New York State Court of Claims

New York State Court of Claims

BELOT v. THE STATE OF NEW YORK, #2004-031-104, Claim No. 109222, Motion No. M-68539


Synopsis


Court of Claims has no jurisdiction over claim. Claimant failed to file his claim for alleged wrongful confinement within 90 days after the claim accrued

Case Information

UID:
2004-031-104
Claimant(s):
JEAN BELOT, JR.
Claimant short name:
BELOT
Footnote (claimant name) :

Defendant(s):
THE STATE OF NEW YORK
Footnote (defendant name) :

Third-party claimant(s):

Third-party defendant(s):

Claim number(s):
109222
Motion number(s):
M-68539
Cross-motion number(s):

Judge:
RENÉE FORGENSI MINARIK
Claimant's attorney:
JEAN BELOT, JR., PRO SE
Defendant's attorney:
HON. ELIOT SPITZER
New York State Attorney General
BY: HEATHER R. RUBINSTEIN, ESQ.Assistant Attorney General
Third-party defendant's attorney:

Signature date:
August 30, 2004
City:
Rochester
Comments:

Official citation:

Appellate results:

See also (multicaptioned case)

.
Decision

The following papers, numbered 1 to 3, were read on motion by Defendant to dismiss the claim for lack of subject matter and personal jurisdiction:
1. Defendant's Notice of Motion, filed May 20, 2004;
2. Affirmation of Heather R. Rubinstein, Esq., dated May 18, 2004, with attached exhibit;
3. Claimant's "Answer to Motion to Dismiss," dated May 25, 2004, with attachment.This is Defendant's motion for dismissal of the claim as untimely. In his underlying claim in this matter, Claimant alleges he was illegally confined to the Special Housing Unit in Auburn Correctional Facility for a period of 75 days beginning on April 4, 2003 when he received a Tier III inmate misbehavior report. He was found guilty in a subsequent disciplinary hearing and ordered to serve a 45 day penalty. He then received another misbehavior report on May 13, 2003, was found guilty after a Tier II disciplinary hearing and received a 30 day penalty on that particular charge. Claimant then availed himself of the appellate process within the New York State Department of Corrections on each proceeding. The results of those two appeals are not relevant to the determination of this motion.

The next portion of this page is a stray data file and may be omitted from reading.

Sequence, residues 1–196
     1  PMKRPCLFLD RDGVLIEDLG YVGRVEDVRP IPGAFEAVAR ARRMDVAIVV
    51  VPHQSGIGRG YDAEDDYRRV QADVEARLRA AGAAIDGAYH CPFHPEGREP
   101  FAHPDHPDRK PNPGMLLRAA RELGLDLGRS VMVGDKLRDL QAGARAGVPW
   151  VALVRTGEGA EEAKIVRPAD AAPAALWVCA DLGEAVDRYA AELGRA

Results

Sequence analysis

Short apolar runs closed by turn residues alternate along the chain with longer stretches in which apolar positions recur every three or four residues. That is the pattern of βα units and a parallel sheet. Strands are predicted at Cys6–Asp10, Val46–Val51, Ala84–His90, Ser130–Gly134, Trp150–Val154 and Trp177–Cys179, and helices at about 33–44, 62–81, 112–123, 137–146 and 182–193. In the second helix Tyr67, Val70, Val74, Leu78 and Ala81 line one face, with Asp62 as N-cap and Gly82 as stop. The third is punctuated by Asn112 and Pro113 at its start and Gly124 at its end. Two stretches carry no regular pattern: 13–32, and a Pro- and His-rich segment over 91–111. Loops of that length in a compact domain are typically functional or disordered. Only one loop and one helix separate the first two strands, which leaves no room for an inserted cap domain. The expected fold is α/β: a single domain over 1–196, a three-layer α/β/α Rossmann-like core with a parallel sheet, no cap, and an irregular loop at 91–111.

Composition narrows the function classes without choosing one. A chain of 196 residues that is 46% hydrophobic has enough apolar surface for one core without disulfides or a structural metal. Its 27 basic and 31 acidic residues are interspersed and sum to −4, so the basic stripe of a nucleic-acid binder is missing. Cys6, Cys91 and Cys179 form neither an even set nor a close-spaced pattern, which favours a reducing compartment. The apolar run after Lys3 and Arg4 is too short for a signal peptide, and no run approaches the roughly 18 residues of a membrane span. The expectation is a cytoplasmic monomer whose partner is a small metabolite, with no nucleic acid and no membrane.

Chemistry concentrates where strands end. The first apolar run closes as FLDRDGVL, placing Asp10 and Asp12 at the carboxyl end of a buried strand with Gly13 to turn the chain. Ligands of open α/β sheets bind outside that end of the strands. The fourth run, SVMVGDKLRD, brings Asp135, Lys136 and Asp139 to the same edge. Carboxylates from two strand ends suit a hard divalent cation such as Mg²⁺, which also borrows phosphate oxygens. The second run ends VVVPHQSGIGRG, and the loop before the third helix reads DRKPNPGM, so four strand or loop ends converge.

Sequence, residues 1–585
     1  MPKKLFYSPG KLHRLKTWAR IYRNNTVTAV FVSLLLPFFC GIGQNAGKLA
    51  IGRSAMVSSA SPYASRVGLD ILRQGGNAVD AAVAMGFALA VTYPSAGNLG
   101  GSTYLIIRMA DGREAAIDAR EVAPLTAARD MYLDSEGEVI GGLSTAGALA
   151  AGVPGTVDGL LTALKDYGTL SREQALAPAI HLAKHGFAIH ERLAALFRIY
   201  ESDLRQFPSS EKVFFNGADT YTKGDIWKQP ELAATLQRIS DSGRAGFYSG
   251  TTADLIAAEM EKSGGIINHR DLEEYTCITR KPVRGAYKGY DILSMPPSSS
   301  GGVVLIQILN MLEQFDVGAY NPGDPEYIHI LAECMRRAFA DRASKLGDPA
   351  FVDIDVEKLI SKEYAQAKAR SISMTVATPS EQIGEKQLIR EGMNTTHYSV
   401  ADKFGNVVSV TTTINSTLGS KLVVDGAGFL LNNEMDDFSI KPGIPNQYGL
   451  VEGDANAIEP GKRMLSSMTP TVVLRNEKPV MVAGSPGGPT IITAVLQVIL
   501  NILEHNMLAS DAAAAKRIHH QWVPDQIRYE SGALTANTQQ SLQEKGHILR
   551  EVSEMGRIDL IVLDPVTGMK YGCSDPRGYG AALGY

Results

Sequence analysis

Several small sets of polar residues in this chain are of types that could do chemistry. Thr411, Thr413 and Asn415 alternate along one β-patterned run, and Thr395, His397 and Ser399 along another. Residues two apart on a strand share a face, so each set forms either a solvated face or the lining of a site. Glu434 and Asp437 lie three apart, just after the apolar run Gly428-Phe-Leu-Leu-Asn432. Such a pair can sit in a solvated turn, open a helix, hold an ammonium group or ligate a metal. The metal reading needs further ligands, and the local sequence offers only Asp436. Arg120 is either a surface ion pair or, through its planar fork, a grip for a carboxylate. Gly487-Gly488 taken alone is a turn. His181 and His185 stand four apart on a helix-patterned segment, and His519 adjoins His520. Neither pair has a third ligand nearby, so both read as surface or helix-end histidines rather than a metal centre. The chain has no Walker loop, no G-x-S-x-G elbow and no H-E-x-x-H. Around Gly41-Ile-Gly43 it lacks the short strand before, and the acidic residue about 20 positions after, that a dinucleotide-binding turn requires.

There is no dispute that Claimant served the full term of each penalty. He had 90 days from the date of his release in which to serve a Notice of Intention to File a Claim or to serve and file a Claim (Henriquez v State of New York , Ct Cl, April 3, 2003 [Claim No. 106593-A, Motion No. M-66149], Minarik, J., UID No. 2003-031-015). He filed his claim on April 21, 2004, well beyond 90 days from his release.[1] Claimant states that his participation in the appellate process tolled the statute of limitations. That assertion is false (Emanuele v State of New York, 43 Misc 2d 135). There is no tolling of the 90 day statute of limitations. This Court lacks both subject matter and personal jurisdiction, therefore the claim is dismissed.

I also note that, even if the claim were filed in a timely manner, it would be dismissed, nonetheless, for failing to state a cause of action. Although Claimant alleges in conclusory fashion that his due process rights were violated during the hearings, he cites no specific shortcoming upon which an action for illegal confinement can be based. Claimant implicitly equates the success of his appeals regarding the hearings with his right to recover in this action.

However, the actions of prison personnel involving inmate disciplinary matters are generally quasi-judicial and, unless they exceed the scope of their authority or violate applicable rules, are afforded absolute immunity (Arteaga v State of New York, 72 NY2d 212; Davis v State of New York, 262 AD2d 887, lv denied 93 NY2d 819). The fact that the disposition from a disciplinary hearing is later reversed does not necessarily remove the matter from the blanket of immunity (Arteaga v State of New York, supra; Bonacorsa v State of New York, Ct Cl, May 31, 1994 [Claim No. 86522], Bell, J.). There is no indication in the claim that Defendant violated any of its own rules and regulations in conducting either hearing, or that it otherwise acted outside the sphere of privileged actions (Arteaga v State of New York, supra; Holloway v State of New York, 2001 WL 777553 (3d Dept 2001); cf. Gittens v State of New York, 132 Misc 2d 399 (Ct Cl 1986). Accordingly, I find that the claim fails to set forth a valid cause of action upon which relief can be granted.

For the reasons set forth above, it is hereby

ORDERED, that Defendant's motion to dismiss is granted.

August 30, 2004
Rochester, New York

HON. RENÉE FORGENSI MINARIK
Judge of the Court of Claims



[1]Nowhere in the claim or in Defendant's papers is a specific release date given. Inasmuch as there is no disagreement that Claimant served 45 days and 30 days, taken consecutively, I come up with a release date on or about June 18, 2003. Claimant would have had to serve a Notice of Intention to File a Claim or serve and file a Claim on or before September 16, 2003.